ROME

Rome is a city to be walked, but if you get tired far from your hotel, there are many easy busses to bring you home. My suggestion is, if you like to walk, stay in a hotel in the middle of the city. It may be a bit noisy, but the convenience is worth it!  
 

The city of Rome is simultaneously strident, romantic, sensual, crowded, noisy, and a traffic nightmare. Yet it is clearly eternal. Most of the renovations for the 2000 Jubilee are finished. Large steel structures no longer cover the beauty of the churches, Coliseum, and Spanish Steps. Rome is open for show.

My friend Nancy Mulvey and I took these pictures during our recent sojourn in Rome. There was so much to photograph—but the Forum outweighed all else on this visit. The Roman Forum was not simply the core of this ancient city; for many it was the center of the universe. From the birth of the empire under Augustus in 31 B.C., and for nearly five hundred years thereafter, Rome ruled: from Scotland to the Sahara, and from Gibraltar to the Euphrates, the Roman Empire was in control.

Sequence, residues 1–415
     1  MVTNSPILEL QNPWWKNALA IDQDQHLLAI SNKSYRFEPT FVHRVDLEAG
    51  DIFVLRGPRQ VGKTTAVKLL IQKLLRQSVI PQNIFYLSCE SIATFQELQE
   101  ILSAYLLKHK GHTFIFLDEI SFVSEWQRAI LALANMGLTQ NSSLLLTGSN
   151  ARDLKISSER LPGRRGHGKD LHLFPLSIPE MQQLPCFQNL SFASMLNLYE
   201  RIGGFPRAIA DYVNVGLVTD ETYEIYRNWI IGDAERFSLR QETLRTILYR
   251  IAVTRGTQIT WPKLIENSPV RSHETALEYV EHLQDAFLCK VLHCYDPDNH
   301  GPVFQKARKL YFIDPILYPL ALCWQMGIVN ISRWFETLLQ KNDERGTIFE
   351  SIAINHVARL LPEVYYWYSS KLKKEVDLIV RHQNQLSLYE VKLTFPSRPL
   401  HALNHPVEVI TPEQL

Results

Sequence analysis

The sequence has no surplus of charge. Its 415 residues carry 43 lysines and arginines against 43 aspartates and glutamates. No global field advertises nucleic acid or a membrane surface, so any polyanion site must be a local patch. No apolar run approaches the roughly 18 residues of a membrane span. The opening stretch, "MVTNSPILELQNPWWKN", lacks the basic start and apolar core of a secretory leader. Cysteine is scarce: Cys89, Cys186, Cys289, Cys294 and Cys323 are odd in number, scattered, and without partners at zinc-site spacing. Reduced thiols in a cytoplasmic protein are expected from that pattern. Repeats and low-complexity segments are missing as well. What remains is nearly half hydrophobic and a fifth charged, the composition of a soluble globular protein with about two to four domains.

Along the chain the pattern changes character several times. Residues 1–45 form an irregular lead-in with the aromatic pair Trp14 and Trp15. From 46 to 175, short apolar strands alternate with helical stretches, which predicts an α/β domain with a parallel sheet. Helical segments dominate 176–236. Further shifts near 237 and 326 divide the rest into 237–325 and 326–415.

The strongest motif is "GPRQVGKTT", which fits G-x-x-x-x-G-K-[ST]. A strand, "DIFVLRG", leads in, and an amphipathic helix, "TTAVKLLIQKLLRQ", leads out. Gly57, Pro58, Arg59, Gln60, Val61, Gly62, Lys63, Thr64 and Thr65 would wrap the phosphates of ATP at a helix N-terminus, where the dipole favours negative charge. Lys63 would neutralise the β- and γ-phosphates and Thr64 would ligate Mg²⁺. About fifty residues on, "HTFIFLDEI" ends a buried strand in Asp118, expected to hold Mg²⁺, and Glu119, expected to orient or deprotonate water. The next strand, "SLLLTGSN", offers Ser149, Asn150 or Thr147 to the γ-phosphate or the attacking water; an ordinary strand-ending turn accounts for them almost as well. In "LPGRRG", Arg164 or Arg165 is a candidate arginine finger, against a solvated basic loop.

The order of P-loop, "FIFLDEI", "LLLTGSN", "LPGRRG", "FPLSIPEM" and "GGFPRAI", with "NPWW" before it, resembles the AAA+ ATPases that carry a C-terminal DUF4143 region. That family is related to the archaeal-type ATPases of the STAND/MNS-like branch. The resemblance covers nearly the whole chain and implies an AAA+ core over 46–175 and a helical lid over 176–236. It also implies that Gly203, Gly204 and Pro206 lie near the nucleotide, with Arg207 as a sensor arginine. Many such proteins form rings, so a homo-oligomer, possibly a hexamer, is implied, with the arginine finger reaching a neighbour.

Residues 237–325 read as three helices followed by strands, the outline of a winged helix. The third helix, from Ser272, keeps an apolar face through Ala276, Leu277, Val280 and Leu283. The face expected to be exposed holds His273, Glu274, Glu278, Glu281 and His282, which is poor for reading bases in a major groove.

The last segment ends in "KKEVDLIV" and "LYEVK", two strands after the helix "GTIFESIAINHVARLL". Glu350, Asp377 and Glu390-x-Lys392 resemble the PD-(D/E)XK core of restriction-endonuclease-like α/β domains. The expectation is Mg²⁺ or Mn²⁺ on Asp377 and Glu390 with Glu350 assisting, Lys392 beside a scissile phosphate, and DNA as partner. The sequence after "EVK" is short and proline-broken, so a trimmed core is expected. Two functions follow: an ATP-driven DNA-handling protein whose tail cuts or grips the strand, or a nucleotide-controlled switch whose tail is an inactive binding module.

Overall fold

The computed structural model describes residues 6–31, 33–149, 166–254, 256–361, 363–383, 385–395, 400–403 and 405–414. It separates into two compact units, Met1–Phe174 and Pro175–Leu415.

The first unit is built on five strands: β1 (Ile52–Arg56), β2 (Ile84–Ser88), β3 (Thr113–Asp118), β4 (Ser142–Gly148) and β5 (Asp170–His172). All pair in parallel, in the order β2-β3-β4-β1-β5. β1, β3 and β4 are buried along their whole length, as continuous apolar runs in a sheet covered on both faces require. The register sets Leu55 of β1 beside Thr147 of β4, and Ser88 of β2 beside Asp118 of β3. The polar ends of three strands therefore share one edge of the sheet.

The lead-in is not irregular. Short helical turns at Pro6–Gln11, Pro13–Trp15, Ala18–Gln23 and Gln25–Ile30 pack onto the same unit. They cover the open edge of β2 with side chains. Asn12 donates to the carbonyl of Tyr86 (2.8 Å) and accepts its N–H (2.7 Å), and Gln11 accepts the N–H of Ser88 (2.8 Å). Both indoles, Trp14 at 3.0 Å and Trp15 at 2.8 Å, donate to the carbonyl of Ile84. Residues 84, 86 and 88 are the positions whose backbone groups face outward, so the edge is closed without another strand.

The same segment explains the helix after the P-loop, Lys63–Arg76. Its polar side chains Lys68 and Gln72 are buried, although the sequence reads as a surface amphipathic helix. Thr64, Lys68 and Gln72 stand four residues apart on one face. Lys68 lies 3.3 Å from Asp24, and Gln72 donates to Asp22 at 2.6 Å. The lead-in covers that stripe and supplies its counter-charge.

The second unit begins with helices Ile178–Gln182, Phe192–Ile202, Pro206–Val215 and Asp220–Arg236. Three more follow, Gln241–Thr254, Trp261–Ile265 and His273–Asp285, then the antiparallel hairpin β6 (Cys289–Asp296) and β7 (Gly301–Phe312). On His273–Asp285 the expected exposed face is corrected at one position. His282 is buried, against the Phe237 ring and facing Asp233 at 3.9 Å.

And the Forum was the center of this government. The famous Roman Senate was located here.
Throughout the "square" were temples honoring warriors and leaders, often the same person.

 

There were walks and gardens for the women. Up in the surrounding hills the people lived—for of course the area of Ancient Rome included more than the Forum area we see today.

The relics of the Republican and Imperial eras can be seen many blocks from the Forum, in amongst the remains of later periods.

In fact, Christian churches were sometimes built right into the centers of large temples. Do you see one of them in these shots? Other temples, such as the Pantheon, were converted into churches outright. As a result, these are the temples that have been best preserved. By the way, much of the destruction in the Forum came as a result of earthquakes.


My favorite night scene (though we didn’t capture it in pictures) was visiting the Campidoglio. There is no more splendid place to be at night. Michaelangelo designed both the geometric paving and the museum building facades of this piazza. Walk behind the museum and view the Roman Forum and Palatine Hill under spotlights. What a jewel!


But there were so many shots we did get in Rome that we couldn't begin to get them on a single page.  Click here to see the rest of our Rome album!

 

Harriet H. Ahouse | Independent Travel Consultant
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